With dry understatement, the inspector general said that while he couldn't pinpoint the amount wasted, it "could be substantial."
Asked why the exact amount squandered can never be determined, the inspector general's office referred The Associated Press to a report it did in February 2009 titled "Hard Lessons," in which it said the auditors -- much like the reconstruction managers themselves -- faced personnel shortages and other hazards.
"Given the vicissitudes of the reconstruction effort — which was dogged from the start by persistent violence, shifting goals, constantly changing contracting practices and undermined by a lack of unity of effort -- a complete accounting of all reconstruction expenditures is impossible to achieve," the report concluded.
In that same report, the inspector general, Stuart Bowen, recalled what then-Defense Secretary Donald H. Rumsfeld asked when they met shortly after Bowen started in January 2004: "Why did you take this job? It's an impossible task."
By law, Bowen's office reports to both the secretary of defense and the secretary of state. It goes out of business in 2013.
Bowen's office has spent more than $200 million tracking the reconstruction funds, and in addition to producing numerous reports, his office has investigated criminal fraud that has resulted in 87 indictments, 71 convictions and $176 million in fines and other penalties. These include civilians and military members accused of kickbacks, bribery, bid-rigging, fraud, embezzlement and outright theft of government property and funds.
Much, however, apparently got overlooked. Example: A $35 million Pentagon project was started in December 2006 to establish the Baghdad airport as an international economic gateway, and the inspector general found that by the end of 2010 about half the money was "at risk of being wasted" unless someone else completed the work.
Of the $51 billion that Congress approved for Iraq reconstruction, about $20 billion was for rebuilding Iraqi security forces and about $20 billion was for rebuilding the country's basic infrastructure. The programs were run mainly by the Defense Department, the State Department and the U.S. Agency for International Development.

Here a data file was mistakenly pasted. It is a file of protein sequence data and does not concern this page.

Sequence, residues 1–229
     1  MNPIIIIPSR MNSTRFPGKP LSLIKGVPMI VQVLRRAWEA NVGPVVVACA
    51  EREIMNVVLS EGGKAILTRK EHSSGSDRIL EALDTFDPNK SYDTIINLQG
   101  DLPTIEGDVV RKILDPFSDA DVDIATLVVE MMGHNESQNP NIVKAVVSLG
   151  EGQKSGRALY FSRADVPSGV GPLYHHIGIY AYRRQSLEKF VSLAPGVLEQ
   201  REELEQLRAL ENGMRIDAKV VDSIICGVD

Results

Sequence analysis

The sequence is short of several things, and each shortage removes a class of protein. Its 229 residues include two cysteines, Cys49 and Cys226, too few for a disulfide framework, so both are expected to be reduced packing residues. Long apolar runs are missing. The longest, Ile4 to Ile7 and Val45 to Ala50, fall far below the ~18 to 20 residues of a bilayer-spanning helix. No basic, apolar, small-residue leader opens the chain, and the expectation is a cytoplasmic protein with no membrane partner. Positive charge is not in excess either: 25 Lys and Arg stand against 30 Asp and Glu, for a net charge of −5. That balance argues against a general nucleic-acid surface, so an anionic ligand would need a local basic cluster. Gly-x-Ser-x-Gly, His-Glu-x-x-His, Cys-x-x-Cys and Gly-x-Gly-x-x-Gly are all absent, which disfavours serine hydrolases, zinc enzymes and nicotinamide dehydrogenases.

A key weakness found by Bowen's inspectors was inadequate reviewing of contractors' invoices.
In some cases invoices were checked months after they had been paid because there were too few government contracting officers. Bowen found a case in which the State Department had only one contracting officer in Iraq to validate more than $2.5 billion in spending on a DynCorp contract for Iraqi police training.
"As a result, invoices were not properly reviewed, and the $2.5 billion in U.S. funds were vulnerable to fraud and waste," the report said. "We found this lack of control to be especially disturbing since earlier reviews of the DynCorp contract had found similar weaknesses."
In that case, the State Department eventually reconciled all of the old invoices and as of July 2009 had recovered more than $60 million.
The report touched on a problem that cropped up in virtually every major aspect of the U.S. war effort in Iraq, namely, the consequences of fighting an insurgency that proved more resilient than the Pentagon had foreseen.
That not only made reconstruction more difficult, dangerous and costly, but also left the U.S. military unprepared for the grind of multiple troop deployments, the tactics of an adaptable insurgency and the complexity of battlefield wounds. It also left the U.S. government short of the expertise it needed to monitor contractors.
Although the audit was labeled as final, a spokesman for Bowen's office, Christopher M. Griffith, said several more will be done to provide additional details on what the U.S. got for its reconstruction dollars and what was wasted.
The auditor report can be found at http://www.sigir.mil/files/audits/12-017.pdf#view=fit